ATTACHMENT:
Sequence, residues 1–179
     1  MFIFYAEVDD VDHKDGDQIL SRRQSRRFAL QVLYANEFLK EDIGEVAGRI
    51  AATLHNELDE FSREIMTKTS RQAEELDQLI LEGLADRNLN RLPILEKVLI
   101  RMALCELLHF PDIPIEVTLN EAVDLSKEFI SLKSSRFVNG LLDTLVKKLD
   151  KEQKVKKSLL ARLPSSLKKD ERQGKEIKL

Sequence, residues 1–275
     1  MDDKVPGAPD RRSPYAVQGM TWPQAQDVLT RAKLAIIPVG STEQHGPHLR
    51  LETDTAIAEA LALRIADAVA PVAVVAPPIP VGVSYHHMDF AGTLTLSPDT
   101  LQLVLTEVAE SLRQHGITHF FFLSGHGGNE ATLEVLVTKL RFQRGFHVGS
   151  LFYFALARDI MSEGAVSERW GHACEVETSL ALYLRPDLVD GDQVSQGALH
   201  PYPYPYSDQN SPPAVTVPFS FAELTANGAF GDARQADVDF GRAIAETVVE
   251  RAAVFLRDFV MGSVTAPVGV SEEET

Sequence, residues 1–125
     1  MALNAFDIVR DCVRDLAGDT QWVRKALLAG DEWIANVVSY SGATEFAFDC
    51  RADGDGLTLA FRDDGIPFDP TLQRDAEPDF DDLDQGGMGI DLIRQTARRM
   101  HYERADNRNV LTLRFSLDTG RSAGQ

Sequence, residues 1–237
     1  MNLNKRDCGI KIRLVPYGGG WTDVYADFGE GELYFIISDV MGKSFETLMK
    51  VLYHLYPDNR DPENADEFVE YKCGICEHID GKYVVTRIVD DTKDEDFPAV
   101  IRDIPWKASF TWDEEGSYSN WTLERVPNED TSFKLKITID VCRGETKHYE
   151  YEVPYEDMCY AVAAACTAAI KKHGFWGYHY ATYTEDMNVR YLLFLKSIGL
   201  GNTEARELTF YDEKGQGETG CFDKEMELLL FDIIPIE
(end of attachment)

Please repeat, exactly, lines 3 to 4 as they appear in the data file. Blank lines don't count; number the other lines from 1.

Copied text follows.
    51  AATLHNELDE FSREIMTKTS RQAEELDQLI LEGLADRNLN RLPILEKVLI
   101  RMALCELLHF PDIPIEVTLN EAVDLSKEFI SLKSSRFVNG LLDTLVKKLD